Professor Ian Lowe, emiritus professors of science, technology and society at Griffith University, said the NEG’s most serious deficiency is its failure to meet “even our legal requirements” under the Paris agreement to slow climate change.

“Since the government has no plan at all to reduce our greenhouse gas emissions from transport, agriculture or manufacturing, the lion’s share of our agreed reductions must come from electricity generation.

“The NEG’s target is totally inadequate. Modelling suggests that the current wave of investment in large-scale renewable energy generation will be stalled if the NEG is approved in its present form.

“The best way to give security of supply and lower prices would be to encourage more rapid development of large-scale solar and wind with storage. A new coal-fired power station would be financially irresponsible as well as being incompatible with our Paris obligations, which really require the rapid phasing out of existing fossil fuel generation.”

It is not yet clear whether the Coalition will implement the ACCC recommendations as part of an entire package, as urged by the ACCC chair Rod Sims. If so, that would result in the abolition of rebates for rooftop solar, including for farmers and other businesses that may be seeking to reduce their electricity costs.

The media huddle after the Coalition party room meeting also bore witness from another litany of misleading statements  from Frydenberg and Turnbull, particularly in relating to claimed bill reductions (most comes from the RET), and the fall in wholesale market futures price (ditto, it’s the new wind and solar capacity doing that).

Because of Abbott’s extreme positioning, the NEG is being parlayed as occupying some sort of middle ground, such is the shift to the right in the current climate and energy debate.

Turnbull is now adopting Abbott’s language. He promised that if Labor wanted to argue for higher emissions in the next election, he would “welcome that argument” but he and LNP would take position it will raise electricity bills. So much for a bipartisan solution to climate and energy.

Supporters of the NEG have argued, behind closed doors, that the design is really about seeking agreement and can easily be ratcheted up. Trust us, they say.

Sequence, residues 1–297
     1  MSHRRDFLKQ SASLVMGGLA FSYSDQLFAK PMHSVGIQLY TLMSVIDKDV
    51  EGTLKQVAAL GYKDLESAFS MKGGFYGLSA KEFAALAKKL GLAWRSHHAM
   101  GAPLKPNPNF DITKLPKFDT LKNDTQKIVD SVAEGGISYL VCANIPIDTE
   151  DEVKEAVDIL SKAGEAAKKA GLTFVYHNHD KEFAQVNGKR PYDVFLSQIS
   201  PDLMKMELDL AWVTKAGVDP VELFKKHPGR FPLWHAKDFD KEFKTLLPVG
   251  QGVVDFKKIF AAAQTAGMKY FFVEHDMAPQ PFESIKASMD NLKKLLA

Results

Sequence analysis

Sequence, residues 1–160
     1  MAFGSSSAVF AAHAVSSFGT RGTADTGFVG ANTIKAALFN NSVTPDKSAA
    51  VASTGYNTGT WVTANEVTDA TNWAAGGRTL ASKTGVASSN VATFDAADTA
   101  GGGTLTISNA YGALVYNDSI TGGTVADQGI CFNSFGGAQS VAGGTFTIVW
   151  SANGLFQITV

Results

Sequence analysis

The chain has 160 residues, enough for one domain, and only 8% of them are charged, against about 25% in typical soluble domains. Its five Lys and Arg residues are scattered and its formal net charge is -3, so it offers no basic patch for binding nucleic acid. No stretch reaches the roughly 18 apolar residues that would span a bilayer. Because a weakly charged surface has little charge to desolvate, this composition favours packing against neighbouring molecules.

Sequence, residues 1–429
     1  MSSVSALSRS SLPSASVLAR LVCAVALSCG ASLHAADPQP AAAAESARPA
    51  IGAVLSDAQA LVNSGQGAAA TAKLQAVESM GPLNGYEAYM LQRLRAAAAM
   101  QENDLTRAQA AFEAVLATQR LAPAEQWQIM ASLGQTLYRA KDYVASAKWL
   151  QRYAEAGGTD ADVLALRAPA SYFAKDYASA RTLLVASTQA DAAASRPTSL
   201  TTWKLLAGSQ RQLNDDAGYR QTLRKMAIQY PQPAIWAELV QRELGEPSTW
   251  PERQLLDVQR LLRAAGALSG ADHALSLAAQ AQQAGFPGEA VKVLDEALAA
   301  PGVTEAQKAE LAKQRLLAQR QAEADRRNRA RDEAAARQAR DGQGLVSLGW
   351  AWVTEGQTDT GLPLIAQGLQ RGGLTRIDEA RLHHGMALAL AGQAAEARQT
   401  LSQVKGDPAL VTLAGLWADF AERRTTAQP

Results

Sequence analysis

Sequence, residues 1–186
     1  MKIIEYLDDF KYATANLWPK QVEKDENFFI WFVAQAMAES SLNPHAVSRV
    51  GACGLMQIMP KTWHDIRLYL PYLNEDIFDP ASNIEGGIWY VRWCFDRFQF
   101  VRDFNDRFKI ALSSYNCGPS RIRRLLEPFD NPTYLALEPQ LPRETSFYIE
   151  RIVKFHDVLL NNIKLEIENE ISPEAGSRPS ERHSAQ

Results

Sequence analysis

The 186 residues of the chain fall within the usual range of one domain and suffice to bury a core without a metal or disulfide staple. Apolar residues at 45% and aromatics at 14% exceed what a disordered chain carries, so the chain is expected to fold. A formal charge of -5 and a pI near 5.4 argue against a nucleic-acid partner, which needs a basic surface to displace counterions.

But these are the same groups who have lobbied against the carbon price, the RET, against demand management and energy efficiency schemes, and against the 5-minute settlement rule. In short, anything that threatens the incumbent industry.

And have no doubt – this is a victory for the incumbents. Turnbull belled the cat on that and Bluescope did the same earlier in the day when it signalled it would fight any higher emissions targets, with its CEO saying Labor’s 45 per cent reduction would be impossible to meet.

Most analysis, apart from the discredited ESB modelling, suggests it will all be met by business-as-usual.

The incumbents are certainly happy. The ABC News 24 Channel interviewed Sarah McNamara, the head of the Energy Supply Council, which represents the energy incumbents. She could barely contain her joy, claiming that the policy delivered “certainty”.

McNamara, the ABC failed to point out, is the former government policy advisor to the country’s biggest coal generator AGL, a former senior climate and energy advisor to Abbott when he was PM, and policy advisor to Ian Macfarlane, the industry minister who now heads the Queensland Resources Council.

The ESC played a critical role with the ESB in designing the NEG.

The focus now shifts back to the states, and particularly Victoria, which faces its own state election poll later this year. It has insisted that approval will only be given to the mechanism if the emissions targets are flexible, and can be reviewed every three eyes, rather than locked in until 2030 as desired by Turnbull.

Frydenberg will talk to state energy ministers in a phone hook up this evening, with the legislation likely to be exposed in draft form – pending a final vote of states before Victoria goes into caretaker mode.

If it is approved, it then goes back to parliament, where the emissions component of the NEG will be voted on. At least five e members of the Coalition – Abbott, Eric Abetz, and others – have signalled they may cross the floor. Which then puts the emphasis on federal Labor to support the package or not.